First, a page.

Is PAGA a Problem for Your California Business? Here’s What You Need to Know


California, the land of opportunity and innovation, can also be a breeding ground for unexpected challenges for businesses. One such challenge is the Private Attorney General Act (PAGA), a law that has become a major source of concern for employers in the state.  

What is PAGA and Why Was It Created?  

Enacted in 2004, PAGA was intended to empower employees to hold businesses accountable for violations of the California Labor Code. It grants employees and plaintiff attorneys the power of the government to sue employers on behalf of themselves and other allegedly similarly aggrieved employees to enforce various provisions of the Labor Code.   

The rationale behind PAGA was that the California Division of Labor Standards Enforcement (DLSE) lacked the resources to effectively police all labor code violations. PAGA aimed to fill this gap by allowing employees to act as private attorneys general, incentivizing enforcement, and deterring businesses from violating labor laws.  

The Dark Side of PAGA: A System Rife with Abuse  

While PAGA’s intentions were noble, the reality of its implementation has painted a different picture. Here’s why PAGA has become a major concern for California businesses:  

  • Surge in Frivolous Lawsuits: PAGA has become a goldmine for trial lawyers. The ability to sue for civil penalties on behalf of a group of employees, without the need to certify a class or prove wrongdoing creates a strong incentive for filing meritless lawsuits. This has led to a dramatic increase in PAGA claims, with over 5,117 complaints filed in 2023 alone – a 20% increase from 2022. These lawsuits, even if ultimately unsuccessful, can be incredibly expensive to defend.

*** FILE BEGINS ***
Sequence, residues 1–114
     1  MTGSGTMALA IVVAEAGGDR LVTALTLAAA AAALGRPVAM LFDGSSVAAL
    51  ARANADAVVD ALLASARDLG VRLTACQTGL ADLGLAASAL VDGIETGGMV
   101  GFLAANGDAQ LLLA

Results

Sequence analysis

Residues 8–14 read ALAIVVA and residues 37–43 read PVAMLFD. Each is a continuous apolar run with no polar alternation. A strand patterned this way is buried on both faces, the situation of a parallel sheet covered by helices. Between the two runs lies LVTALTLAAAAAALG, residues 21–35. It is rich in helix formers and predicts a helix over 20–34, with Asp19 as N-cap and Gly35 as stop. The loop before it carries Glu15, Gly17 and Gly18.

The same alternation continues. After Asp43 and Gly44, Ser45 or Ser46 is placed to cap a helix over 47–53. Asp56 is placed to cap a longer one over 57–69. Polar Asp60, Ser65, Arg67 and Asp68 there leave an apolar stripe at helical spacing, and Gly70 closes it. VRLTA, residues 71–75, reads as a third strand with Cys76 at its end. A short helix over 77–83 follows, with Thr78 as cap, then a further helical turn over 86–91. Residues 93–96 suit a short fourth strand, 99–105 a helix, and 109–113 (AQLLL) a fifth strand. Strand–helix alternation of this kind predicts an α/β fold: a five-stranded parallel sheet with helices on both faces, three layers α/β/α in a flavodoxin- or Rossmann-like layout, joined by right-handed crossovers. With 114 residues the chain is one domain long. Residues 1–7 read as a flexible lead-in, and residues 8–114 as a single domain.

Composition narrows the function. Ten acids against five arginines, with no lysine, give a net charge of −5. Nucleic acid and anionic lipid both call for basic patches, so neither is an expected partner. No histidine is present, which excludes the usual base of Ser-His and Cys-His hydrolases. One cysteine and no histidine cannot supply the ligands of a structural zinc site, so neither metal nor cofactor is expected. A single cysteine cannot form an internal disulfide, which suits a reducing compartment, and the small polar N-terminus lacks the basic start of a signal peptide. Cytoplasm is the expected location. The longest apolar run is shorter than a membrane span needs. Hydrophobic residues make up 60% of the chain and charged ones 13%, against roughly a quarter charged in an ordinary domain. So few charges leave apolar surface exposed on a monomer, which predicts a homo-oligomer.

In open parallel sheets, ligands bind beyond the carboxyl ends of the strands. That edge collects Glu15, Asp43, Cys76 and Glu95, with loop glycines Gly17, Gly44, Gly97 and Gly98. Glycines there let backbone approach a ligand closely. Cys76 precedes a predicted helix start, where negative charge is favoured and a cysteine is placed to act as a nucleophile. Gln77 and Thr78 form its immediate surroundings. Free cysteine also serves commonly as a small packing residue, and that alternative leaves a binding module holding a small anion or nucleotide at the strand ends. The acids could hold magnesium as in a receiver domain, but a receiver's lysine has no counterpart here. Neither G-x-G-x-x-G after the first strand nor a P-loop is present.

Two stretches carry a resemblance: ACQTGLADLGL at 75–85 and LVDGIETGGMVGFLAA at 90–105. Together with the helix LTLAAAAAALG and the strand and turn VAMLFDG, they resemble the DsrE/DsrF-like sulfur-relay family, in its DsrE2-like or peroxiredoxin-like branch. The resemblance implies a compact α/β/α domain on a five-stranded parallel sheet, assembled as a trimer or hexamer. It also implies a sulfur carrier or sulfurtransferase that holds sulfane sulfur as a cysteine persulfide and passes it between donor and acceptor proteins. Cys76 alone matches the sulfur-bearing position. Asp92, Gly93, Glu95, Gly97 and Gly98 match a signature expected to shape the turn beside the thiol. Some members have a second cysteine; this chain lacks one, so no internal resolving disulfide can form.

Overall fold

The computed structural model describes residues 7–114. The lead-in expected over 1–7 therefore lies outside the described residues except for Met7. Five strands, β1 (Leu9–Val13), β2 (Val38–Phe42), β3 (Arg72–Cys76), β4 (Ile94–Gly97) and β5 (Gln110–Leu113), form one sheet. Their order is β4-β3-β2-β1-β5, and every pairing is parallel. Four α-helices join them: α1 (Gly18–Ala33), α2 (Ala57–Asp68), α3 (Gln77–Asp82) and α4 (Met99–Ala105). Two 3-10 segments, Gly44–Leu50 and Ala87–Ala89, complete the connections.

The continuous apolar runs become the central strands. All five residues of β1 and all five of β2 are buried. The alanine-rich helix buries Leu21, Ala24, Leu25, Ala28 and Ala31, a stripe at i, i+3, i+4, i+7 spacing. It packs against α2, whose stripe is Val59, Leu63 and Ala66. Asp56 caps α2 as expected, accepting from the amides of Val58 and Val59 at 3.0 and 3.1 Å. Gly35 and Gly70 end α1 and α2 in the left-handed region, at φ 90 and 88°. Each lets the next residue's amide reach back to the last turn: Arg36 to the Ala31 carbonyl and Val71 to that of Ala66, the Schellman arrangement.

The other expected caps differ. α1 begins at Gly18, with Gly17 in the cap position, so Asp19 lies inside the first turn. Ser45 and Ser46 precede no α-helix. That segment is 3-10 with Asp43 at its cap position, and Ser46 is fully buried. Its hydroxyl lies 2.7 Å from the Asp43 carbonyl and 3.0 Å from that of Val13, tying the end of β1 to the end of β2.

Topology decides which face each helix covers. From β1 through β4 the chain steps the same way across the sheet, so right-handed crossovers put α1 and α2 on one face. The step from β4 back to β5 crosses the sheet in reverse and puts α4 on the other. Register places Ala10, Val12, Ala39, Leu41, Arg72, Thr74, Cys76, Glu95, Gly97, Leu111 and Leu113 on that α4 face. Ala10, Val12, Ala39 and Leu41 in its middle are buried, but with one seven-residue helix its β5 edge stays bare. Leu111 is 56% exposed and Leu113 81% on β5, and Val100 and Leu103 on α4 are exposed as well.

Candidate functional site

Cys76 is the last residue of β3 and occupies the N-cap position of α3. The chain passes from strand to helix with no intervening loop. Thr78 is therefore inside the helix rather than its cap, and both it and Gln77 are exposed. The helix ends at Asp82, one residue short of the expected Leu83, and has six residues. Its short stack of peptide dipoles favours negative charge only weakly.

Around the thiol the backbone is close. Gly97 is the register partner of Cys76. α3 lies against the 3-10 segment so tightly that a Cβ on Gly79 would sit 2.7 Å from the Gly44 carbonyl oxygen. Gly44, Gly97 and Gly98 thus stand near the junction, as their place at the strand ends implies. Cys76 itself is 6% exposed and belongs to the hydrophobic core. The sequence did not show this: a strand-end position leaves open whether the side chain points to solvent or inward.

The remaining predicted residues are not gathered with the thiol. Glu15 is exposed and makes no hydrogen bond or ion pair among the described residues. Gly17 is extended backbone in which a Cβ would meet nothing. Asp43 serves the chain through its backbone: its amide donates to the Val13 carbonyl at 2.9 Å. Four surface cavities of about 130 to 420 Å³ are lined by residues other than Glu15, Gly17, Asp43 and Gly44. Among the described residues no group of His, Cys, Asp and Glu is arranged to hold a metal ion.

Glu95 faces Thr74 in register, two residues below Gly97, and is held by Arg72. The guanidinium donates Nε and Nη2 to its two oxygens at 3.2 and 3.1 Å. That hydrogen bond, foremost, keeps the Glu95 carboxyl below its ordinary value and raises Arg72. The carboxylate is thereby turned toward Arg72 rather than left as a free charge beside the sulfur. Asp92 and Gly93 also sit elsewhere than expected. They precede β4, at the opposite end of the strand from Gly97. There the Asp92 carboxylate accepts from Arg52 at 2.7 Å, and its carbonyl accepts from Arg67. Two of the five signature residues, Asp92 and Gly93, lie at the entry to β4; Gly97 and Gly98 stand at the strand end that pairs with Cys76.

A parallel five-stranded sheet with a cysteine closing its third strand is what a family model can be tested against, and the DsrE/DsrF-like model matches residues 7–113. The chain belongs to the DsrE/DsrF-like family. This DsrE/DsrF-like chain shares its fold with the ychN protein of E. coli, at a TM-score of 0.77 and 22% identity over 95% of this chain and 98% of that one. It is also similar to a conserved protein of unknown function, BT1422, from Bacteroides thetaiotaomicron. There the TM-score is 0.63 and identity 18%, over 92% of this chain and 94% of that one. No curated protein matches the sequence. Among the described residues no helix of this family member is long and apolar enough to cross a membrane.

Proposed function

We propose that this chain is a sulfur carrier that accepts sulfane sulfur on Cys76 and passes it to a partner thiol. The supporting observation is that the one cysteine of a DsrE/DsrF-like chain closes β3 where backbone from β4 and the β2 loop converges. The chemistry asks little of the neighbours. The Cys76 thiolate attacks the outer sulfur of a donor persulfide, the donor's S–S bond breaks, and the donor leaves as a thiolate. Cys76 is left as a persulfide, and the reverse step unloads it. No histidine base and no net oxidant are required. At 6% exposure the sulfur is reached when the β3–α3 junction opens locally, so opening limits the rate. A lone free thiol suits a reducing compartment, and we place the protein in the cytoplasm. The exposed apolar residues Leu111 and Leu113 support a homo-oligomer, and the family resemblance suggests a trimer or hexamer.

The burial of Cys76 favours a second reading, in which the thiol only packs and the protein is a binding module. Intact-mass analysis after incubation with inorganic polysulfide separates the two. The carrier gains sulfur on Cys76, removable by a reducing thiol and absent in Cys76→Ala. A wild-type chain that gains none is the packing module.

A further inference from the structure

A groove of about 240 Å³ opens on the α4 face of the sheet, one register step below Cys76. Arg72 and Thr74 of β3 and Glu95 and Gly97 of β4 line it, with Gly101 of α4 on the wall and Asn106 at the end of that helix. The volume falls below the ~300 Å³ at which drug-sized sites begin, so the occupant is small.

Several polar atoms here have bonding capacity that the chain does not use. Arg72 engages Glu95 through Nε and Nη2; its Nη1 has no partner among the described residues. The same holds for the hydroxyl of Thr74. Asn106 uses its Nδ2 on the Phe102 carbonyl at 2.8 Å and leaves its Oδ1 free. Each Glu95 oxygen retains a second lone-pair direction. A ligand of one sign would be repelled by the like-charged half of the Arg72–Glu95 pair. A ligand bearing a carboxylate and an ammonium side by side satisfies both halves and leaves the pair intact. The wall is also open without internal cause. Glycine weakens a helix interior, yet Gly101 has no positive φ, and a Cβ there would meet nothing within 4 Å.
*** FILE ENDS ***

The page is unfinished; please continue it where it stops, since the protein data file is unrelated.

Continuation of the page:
• A Broken Distribution System: Perhaps the most concerning aspect of PAGA is the distribution of penalties recovered in successful lawsuits. When a case is settled, after the plaintiff lawyers take their 30-40%, only a meager 25% of the penalties actually goes to the “aggrieved employees.” The remaining 75% goes directly to the state Department of Labor. This means that the very workers PAGA was designed to protect receive a tiny fraction of the recovered funds, while the state and trial lawyers reap the biggest rewards. If the company tries the case, the plaintiff attorneys can seek their fees as part of the damages. PAGA does not reciprocate, as there is no “prevailing party” clause in the law, so there is no deterrent to filing frivolous suits.  
  • The Coercive Power of Settlements: The threat of a PAGA lawsuit, even a frivolous one, can pressure businesses into settling out of court to avoid the high costs of litigation. These settlements can be substantial, draining company resources and impacting profitability. This dynamic creates a “pay to play” system, where businesses are forced to settle weak claims simply to avoid the financial burden of defending themselves.  

What Can Businesses Do to Mitigate the PAGA Threat?  

While PAGA presents a significant challenge, there are steps businesses can take to mitigate its impact: